Lumens are the unit of measurement used to define the brightness of your headlamp. Be sure to note the lumens on the headlamp you're checking out so that you know what kind of brightness you can expect from that beam. The lumen range for headlamps can be anywhere from 50 lumens all the way up to 1,000 lumens. So bright.
Headlamps typically come with a few mode options for varying light conditions. Here are the common ones you'll see:
HIGH (Max): The brightest option on your headlamp. Be conscious of the fact that this mode will use the most battery life of all the settings.
MIDDLE: Not too bright, not too dim, this setting is just right for eating that bowl of porridge.
LOW: The most energy efficient setting, the low setting can be helpful when dusk hits and you need that bit of extra light on the trail.
STROBE: This setting is a good option to use as a signal for help between your friends or a passerby on the trail in an emergency or any tricky situation.
RED: Red light helps your eyes maintain night vision because it provides light without causing your pupils to do that thing where they get tiny around bright light. It's not as bright as the others, but it's got its own thing going for it.
Charge 'em up
Don't forget to pack extra, you guys
STANDARD: AA or AAA alkaline batteries are pretty standard when it comes to headlamps. Some models that use 4 batteries will put the battery pack in the back of the headband to even out the weight. This is where those extra over-the-head straps I was talking about before can come in handy.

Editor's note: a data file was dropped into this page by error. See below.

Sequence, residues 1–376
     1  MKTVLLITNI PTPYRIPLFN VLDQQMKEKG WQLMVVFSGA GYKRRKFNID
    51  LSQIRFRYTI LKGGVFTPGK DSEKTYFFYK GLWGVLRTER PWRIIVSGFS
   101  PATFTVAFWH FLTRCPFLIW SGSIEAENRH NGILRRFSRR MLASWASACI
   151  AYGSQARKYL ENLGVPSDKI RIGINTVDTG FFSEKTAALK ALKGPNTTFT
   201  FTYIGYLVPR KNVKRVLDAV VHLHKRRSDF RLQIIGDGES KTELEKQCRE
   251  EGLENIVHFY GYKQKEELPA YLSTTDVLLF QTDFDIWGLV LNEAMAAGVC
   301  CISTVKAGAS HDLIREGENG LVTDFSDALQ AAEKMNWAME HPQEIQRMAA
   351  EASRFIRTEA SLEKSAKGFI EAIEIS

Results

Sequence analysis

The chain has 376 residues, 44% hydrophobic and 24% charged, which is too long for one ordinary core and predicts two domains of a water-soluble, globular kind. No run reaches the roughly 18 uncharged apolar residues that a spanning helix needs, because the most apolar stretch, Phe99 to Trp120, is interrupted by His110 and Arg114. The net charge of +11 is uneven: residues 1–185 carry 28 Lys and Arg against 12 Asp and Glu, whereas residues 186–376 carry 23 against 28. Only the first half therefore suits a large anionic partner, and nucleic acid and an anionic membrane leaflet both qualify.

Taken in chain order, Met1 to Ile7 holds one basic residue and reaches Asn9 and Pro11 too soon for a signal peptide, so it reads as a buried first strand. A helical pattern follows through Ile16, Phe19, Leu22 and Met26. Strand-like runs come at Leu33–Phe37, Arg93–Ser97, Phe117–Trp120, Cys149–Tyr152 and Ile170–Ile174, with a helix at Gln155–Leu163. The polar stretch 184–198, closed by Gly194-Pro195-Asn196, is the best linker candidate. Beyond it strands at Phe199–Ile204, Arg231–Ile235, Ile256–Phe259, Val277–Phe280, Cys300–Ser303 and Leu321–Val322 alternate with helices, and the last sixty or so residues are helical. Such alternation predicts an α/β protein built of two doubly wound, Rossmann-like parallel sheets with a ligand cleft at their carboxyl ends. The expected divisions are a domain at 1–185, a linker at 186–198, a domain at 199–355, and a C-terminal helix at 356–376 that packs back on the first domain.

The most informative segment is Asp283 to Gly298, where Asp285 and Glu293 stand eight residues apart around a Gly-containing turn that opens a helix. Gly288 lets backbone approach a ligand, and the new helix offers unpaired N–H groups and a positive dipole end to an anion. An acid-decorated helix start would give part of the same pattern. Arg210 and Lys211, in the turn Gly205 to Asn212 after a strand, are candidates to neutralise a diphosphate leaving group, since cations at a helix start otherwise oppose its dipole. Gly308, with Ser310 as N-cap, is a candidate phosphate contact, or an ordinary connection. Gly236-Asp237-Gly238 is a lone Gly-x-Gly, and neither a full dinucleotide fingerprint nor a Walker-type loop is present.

RECHARGEABLE: If you want to get real fancy, some headlamps can use rechargeable batteries such as NIMH or Lithium Ion. If you're going somewhere without electricity, make sure you have your backups charged.
RUN-TIME: This is going to be the amount of time that your headlamp will run on a fully charged battery at its most efficient setting (typically the low setting).
They're back and brighter than ever
Great for lighting tents or group campsites
FUEL-BURNING: These more traditional-style lanterns that use various forms of fuel to give you a great glow around the campsite. Liquid-fuel, propane, and butane can all be used as a source of fuel. These are definitely one of the more bulky options in the world of campsite lighting, but are a great when you want that old-school feel with more reliability than a candle lantern.